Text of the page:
Can’t We Do More to Care for Women’s Hearts?

May 11, 2022

Communities and countries and ultimately the world are only as strong as the health of their women.

Michelle Obama

Each year, National Women’s Health Week, which began on 8 May 2022, gives us as clinicians an opportunity to assess in detail our efforts to deliver the best health care to the female patients we serve. In the field of cardiology specifically, it is vital that we revisit this conversation time and again.

The reasons for this are plentiful, as many well-known statistics demonstrate: few women are aware of the risks of heart disease, yet it is the No. 1 killer in women, accounting for 1 in 3 deaths. Compared to men, an adverse cardiac event in a woman is more likely to be fatal, and the care she receives is more likely to be suboptimal.

A recent publication highlighted how young (ages 18-55) women and minorities presenting to an emergency department with chest pain face longer wait times than do men and non-minorities. And when women are seen by physicians, they are less likely to be triaged for emergent care, undergo standard cardiac testing, or be admitted for care or even to observation. Furthermore, when an acute MI is diagnosed, women are less likely than men to undergo revascularization.

Clearly, we can and must do more to address the worse downstream outcomes related to heart disease that women experience.

Thankfully, many leading clinical voices have been calling for change. Among the most prominent of these efforts are the 2021 ACC/AHA Chest Pain Guidelines led by Dr. Martha Gulati. The very first “Take-Home Message” in this remarkable document is that “Chest Pain means more than Pain in the Chest”, a reference to the varying ways that heart disease manifests. Combining the learnings from many (often women-led) publications from trials such as PROMISE, VIRGO, YOUNG-MI, and BARI 2D, the Chest Pain Guidelines state that “[w]omen commonly presented with chest pain symptoms similar to men but also had a greater prevalence of other symptoms such as palpitations, jaw and neck pain, as well as back pain.” Being conscious of differing clinical presentations is a crucial step toward more appropriate care for women.

Spelling out what we can do differently in heart care, Dr. Patricia Rodriguez Lozano and colleagues published a review, in line with the Chest Pain Guidelines, calling for change. While each modality has strengths and shortcomings, the authors explain that a coronary CTA-first pathway is the most appropriate choice for women suspected of having coronary artery disease (CAD).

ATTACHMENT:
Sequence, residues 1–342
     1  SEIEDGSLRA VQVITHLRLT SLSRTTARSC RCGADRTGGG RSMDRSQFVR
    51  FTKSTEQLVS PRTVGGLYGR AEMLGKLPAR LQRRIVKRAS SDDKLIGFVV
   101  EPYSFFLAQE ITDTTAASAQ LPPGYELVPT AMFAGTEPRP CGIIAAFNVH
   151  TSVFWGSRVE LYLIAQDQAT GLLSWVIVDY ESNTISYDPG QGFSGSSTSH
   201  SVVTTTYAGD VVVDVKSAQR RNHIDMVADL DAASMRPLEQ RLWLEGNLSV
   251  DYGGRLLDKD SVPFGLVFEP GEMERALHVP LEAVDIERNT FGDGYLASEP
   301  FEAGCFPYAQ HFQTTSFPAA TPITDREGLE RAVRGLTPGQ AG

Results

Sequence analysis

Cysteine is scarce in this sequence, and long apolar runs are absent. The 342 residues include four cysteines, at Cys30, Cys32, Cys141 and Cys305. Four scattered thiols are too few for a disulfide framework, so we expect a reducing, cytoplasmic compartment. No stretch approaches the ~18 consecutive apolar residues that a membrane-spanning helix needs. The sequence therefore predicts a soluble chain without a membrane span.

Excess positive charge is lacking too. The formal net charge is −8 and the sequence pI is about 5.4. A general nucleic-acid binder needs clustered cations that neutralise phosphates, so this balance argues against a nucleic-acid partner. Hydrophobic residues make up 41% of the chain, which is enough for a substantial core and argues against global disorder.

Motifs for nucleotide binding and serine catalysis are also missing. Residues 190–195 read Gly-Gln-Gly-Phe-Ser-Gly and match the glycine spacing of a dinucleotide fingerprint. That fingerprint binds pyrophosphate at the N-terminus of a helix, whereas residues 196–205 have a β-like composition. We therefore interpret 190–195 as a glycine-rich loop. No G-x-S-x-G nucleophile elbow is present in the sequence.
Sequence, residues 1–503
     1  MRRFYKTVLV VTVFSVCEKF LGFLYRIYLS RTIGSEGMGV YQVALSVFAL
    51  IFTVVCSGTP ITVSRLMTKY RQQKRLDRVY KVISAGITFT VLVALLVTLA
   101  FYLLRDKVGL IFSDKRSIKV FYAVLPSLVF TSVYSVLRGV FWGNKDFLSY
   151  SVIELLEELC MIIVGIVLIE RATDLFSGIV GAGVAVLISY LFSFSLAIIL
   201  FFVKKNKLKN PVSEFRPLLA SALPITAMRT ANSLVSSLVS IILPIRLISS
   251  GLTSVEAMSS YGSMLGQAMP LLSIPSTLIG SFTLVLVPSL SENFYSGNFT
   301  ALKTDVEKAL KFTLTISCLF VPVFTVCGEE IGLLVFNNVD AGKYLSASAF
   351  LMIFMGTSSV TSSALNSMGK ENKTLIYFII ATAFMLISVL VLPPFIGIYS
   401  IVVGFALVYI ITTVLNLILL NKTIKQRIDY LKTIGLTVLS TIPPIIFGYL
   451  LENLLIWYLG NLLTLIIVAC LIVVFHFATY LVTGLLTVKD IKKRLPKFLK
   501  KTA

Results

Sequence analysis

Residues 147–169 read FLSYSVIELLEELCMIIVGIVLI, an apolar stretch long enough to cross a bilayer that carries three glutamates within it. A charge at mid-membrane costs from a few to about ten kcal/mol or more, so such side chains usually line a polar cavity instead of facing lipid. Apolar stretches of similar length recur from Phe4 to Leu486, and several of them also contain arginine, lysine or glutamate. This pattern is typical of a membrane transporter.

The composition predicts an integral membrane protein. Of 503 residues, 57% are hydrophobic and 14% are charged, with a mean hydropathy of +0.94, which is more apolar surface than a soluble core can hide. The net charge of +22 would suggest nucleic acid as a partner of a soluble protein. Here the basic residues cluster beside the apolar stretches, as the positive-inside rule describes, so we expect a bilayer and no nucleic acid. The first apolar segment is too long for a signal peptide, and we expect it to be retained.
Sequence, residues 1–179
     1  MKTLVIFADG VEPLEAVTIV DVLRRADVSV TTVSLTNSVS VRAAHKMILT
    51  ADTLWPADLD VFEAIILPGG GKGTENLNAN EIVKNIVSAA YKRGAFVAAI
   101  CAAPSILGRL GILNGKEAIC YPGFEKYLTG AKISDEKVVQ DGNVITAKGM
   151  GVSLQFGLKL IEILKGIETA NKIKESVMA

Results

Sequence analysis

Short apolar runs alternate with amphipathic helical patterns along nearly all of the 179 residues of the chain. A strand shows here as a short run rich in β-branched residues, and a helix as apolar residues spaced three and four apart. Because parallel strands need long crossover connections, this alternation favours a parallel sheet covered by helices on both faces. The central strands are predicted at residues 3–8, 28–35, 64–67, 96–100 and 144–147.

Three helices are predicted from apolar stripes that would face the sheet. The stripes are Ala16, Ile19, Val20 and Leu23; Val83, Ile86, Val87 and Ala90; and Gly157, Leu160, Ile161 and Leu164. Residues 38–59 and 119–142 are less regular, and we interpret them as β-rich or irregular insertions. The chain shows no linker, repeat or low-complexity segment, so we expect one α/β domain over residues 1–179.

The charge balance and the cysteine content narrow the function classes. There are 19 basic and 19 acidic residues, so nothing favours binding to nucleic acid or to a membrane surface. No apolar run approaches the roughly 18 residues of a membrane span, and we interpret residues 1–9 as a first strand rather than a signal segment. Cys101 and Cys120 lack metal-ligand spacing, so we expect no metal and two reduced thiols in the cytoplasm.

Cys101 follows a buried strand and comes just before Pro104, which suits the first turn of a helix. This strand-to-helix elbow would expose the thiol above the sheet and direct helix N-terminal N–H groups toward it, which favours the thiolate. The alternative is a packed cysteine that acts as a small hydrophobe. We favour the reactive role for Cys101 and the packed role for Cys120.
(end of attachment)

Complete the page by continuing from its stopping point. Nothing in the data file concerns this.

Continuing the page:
Coronary CTA:

  • Delivers high diagnostic accuracy equally for women and men, unlike functional stress testing which overcalls CAD 4x more often in women than in men
  • Informs a woman’s risk of downstream clinical events more effectively than stress testing
  • Identifies coronary plaque which carries higher risk in women, even when non-obstructive
  • Enables non-invasive FFRCT to identify lesion-specific physiology and help guide treatment with no sex disparity

Additionally, the CTA + FFRCT pathway has identified fundamental differences in the coronary anatomy and physiology of women that can provide insight when treating patients with INOCA (ischemia with nonobstructive coronary artery disease), a common reality in women, which is associated with worse outcomes.

The field of cardiology is learning how to provide better, precision heart care to the women patients we serve, and a coronary CTA + FFRCT pathway is increasingly important in this work. Each patient deserves our best care, and the clinical voices leading the way to improve women’s cardiovascular care are helping all of us to do more today and every day to come.

— A perspective from HeartFlow Chief Medical Officer, Campbell Rogers, MD
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